We use dissolvable stitches to close the incision, which are then reinforced with surgical glue. Tape will be glued over the incision to prevent your child from touching the area and therefore, to promote healing. The result is a pain-free post-op visit with minimal scarring. Arm restraints are not used, as these are not helpful and tend to be uncomfortable for your baby.

Step 4

Cleft Lip is Corrected

During the lip reconstruction, the gender of your baby and racial makeup is taken into consideration. The goal of the surgery is to provide your baby with a normal, healthy lip appearance and function, and with minimal scarring.

After Cleft Lip Surgery

As a parent, you will be given our cell phone numbers and email addresses so that you can easily communicate with our team following your child’s cleft lip surgery. Our care staff will also provide you with detailed instructions before you leave the hospital. These instructions will tell you everything you need to know, including how to care for the surgical site, specific feeding instructions, and any specific issues to monitor.

Your child will need to avoid straws, utensils, and pacifiers for several days. They can drink any liquid they want, but food needs to be smooth (a purée consistency) and fed from a cup or bottle. For example, yogurt, pudding, and any foods placed in a blender are acceptable.

As a result of Dr. Bastidas’ pediatric cleft repair expertise, your child will not require prescription pain medications. You will be sent home with only Tylenol or Ibuprofen for pain control, as that is all that is necessary for your child’s wellbeing and recovery.

Follow-up appointments from cleft lip surgery occur at 1 week, 1 month, and 3 months after the procedure for evaluation of healing and scar formation. We begin an aggressive scar massage treatment and apply silicone scar cream at the 1 month follow-up visit. Additionally, we prefer to see our patients once a year after to monitor their growth and evaluate the need for any minor revisions if necessary.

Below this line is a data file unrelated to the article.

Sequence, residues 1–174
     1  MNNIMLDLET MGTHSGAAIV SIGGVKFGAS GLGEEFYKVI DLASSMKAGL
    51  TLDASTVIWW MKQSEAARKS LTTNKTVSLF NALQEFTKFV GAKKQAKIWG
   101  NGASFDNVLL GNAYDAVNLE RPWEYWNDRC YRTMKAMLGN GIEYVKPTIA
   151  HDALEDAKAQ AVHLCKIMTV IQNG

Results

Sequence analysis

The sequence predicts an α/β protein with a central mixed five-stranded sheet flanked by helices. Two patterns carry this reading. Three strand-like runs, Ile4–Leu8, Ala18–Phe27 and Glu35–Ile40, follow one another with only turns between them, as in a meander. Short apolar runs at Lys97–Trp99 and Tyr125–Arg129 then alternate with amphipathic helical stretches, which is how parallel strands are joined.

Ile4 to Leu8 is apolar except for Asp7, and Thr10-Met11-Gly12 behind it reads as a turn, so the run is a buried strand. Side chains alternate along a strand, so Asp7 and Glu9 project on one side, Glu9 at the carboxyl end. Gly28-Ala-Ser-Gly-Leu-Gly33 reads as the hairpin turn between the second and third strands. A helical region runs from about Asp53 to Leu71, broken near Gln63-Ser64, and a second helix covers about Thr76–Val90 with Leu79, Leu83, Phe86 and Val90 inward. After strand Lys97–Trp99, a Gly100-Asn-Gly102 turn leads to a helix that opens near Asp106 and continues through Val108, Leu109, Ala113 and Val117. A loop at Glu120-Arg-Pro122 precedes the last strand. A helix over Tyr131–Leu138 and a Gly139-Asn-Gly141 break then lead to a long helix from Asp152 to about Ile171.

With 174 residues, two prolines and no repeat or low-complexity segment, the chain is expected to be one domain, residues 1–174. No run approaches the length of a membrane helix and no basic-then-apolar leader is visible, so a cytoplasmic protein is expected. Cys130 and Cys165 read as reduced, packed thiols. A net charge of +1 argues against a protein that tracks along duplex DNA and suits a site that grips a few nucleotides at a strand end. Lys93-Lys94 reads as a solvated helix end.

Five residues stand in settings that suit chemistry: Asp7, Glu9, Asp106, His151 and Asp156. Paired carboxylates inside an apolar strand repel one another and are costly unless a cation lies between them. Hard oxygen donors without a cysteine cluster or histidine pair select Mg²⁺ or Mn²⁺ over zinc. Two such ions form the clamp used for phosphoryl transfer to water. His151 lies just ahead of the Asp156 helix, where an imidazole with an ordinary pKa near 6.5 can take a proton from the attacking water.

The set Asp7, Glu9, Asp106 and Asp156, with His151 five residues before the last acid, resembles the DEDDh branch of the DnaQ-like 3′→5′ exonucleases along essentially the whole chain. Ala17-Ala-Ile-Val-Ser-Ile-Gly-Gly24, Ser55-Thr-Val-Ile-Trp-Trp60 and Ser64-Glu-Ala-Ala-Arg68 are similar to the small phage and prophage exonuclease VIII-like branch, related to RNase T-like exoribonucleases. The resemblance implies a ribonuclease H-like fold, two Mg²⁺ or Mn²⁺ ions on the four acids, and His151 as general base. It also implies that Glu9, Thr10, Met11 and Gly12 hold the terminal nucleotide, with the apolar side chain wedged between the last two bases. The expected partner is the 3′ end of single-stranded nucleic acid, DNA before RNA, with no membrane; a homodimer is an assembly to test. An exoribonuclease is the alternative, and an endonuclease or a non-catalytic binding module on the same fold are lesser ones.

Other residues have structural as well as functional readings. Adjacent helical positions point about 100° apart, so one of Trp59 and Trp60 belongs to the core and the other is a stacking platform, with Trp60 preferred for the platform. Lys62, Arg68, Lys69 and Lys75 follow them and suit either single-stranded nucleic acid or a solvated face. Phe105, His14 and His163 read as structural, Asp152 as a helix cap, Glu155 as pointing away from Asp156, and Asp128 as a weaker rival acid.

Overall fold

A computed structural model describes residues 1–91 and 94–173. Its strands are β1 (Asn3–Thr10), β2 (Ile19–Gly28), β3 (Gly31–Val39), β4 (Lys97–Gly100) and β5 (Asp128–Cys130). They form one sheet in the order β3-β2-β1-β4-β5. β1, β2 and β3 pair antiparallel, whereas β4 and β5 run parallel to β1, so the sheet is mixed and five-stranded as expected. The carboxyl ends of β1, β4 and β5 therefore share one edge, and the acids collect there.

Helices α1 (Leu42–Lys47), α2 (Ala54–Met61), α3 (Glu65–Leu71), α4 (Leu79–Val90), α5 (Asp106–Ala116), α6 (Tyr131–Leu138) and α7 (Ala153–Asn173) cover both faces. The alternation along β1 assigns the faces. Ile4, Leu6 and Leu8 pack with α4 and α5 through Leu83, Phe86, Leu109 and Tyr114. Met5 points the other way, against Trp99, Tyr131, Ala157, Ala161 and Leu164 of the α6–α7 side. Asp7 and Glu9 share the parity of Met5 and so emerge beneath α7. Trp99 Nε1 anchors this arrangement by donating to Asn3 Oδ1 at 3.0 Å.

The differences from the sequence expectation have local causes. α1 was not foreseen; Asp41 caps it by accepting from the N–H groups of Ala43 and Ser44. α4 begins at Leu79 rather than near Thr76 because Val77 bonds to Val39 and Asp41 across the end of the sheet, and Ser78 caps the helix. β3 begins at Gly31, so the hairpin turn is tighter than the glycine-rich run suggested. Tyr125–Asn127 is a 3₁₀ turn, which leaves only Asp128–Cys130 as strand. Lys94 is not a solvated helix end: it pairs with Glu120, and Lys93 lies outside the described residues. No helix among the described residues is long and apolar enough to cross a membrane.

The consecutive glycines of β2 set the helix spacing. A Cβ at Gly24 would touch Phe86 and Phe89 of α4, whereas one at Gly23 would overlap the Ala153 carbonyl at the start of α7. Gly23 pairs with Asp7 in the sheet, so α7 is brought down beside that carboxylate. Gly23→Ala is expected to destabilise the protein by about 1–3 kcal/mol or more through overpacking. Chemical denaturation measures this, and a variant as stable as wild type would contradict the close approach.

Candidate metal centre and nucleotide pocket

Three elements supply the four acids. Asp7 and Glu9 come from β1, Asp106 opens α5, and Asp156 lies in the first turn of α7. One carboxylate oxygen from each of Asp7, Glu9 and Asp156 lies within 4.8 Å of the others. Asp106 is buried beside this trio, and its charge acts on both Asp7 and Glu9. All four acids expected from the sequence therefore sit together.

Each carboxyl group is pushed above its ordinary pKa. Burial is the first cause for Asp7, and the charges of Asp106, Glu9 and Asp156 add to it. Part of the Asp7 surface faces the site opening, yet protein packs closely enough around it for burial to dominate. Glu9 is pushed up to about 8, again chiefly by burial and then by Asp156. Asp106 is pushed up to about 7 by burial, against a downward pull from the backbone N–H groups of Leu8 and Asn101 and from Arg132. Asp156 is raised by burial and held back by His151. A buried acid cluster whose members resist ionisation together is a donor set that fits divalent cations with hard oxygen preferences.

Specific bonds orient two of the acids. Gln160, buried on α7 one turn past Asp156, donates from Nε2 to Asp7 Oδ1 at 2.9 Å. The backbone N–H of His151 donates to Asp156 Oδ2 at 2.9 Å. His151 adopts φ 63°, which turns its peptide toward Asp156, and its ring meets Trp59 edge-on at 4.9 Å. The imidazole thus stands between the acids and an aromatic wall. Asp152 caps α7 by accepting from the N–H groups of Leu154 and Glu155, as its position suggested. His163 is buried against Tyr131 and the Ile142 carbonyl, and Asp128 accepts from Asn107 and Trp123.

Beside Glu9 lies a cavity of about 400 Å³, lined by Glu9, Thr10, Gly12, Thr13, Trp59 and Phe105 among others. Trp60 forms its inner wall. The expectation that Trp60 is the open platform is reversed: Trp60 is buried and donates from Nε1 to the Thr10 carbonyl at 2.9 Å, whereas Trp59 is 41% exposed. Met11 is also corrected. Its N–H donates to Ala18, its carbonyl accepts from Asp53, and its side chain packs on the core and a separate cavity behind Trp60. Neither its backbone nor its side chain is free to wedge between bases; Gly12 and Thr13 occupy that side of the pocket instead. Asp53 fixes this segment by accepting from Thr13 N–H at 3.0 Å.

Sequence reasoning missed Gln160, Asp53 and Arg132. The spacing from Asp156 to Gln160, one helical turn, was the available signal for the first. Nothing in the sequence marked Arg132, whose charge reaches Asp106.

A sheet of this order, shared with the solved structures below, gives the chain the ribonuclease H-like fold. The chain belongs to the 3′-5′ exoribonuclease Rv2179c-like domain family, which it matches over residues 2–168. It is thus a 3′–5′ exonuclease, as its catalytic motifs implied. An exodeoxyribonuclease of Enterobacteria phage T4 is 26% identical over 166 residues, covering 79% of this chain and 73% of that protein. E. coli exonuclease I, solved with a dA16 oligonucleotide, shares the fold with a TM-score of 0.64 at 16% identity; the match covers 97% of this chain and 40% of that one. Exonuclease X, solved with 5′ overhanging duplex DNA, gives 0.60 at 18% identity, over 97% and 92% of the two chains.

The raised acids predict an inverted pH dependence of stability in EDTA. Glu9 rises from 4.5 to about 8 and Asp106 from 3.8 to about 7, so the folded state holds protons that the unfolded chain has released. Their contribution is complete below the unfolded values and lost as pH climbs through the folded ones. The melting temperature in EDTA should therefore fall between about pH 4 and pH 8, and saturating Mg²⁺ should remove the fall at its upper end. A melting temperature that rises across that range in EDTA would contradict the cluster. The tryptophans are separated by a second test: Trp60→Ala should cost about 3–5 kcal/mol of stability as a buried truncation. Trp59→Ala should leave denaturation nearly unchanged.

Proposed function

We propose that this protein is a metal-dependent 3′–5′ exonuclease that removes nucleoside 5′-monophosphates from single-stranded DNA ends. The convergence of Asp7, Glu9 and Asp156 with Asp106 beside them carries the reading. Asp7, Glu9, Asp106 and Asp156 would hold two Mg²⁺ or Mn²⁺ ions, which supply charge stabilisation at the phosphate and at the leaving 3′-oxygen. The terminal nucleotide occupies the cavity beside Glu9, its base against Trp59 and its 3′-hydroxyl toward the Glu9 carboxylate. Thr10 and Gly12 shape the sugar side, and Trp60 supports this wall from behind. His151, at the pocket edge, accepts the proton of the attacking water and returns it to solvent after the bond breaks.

Call the surgeon immediately if you notice any of the following:

  • A fever greater than 101.4°F
  • Difficulty breathing with pale, blue, or gray skin
  • Foul-smelling drainage from the scar or nose
  • Bleeding from the scar or nose
  • Dehydration which typically appears as not urinating often enough and lack of energy

How long does cleft lip surgery take to heal?

Cleft lip surgery typically takes 3 to 4 weeks to heal. Your child’s mouth will likely be swollen for the first two weeks after the procedure. The incision from the procedure will initially be pink or red and over the course of several months will fade.

How long does cleft lip surgery take to heal?

Cleft lip surgery typically takes 3 to 4 weeks to heal. Your child’s mouth will likely be swollen for the first two weeks after the procedure. The incision from the procedure will initially be pink or red and over the course of several months will fade.

Why Choose Us

Dr. Nicholas Bastidas’ goal is simple - to be the best cleft surgeon for your child. He corrects the cleft problem by using a gentle, experienced approach to cleft lip reconstruction.

Dr. Bastidas is a Board Certified Plastic and Reconstructive Surgeon who specializes in the treatment of pediatric cleft repair and craniofacial abnormalities. He is a native New Yorker and is fluent in both English and conversational Spanish. As a graduate of the prestigious New York University (NYU) Medical School, he received his Medical Doctorate (M.D.) with distinguished honors in cell biology research after defending a thesis on vascular stem cell biology. He was then accepted into the NYU combined Plastic Surgery program (an accelerated six-year residency) where he performed reconstructive and aesthetic surgery at NYU Langone Medical Center, Bellevue Hospital, and Manhattan Eye and Ear Infirmary. He then went on to complete an additional year of subspecialty training (fellowship) in Craniofacial and Cleft Surgery at the Children’s Hospital of Philadelphia and Hospital of the University of Pennsylvania.

To date, he is the recipient of four research grants, including one from the National Institute of Health. He is the author of over 31 peer-reviewed publications and has presented his research at national and regional plastic surgery meetings. Additionally, Dr. Bastidas is a volunteer surgeon with the international organizations Operation Smile and Smile Train, and has attended several surgical missions providing cleft and craniofacial surgery to impoverished children and adults.

Dr. Nicholas Bastidas’ Expertise in Pediatric Cleft Repair Surgeries

The patient above underwent repair of a unilateral cleft lip by Dr. Bastidas. The before and two year post-operative results are shown. We were able to restore his beautiful smile and offer a minimal scar that is well hidden in an anatomic landmark (philtrum of the lip). The surgery was 90 minutes and he went home the same day only needing tylenol or ibuprofen for pain control.

In the above series of photos you can see the timeline for how the cleft lip scar will mature over time. Dr. Bastidas uses state-of-the-art scar treatments to help minimize scarring which might include using silicone gels, steroids, and laser therapy.

A cleft involving both sides of the lip (bilateral) can be a difficult cleft lip to reconstruct. In this beautiful boy we were able to achieve a highly satisfactory result, restoring overall facial balance and enabling him to smile.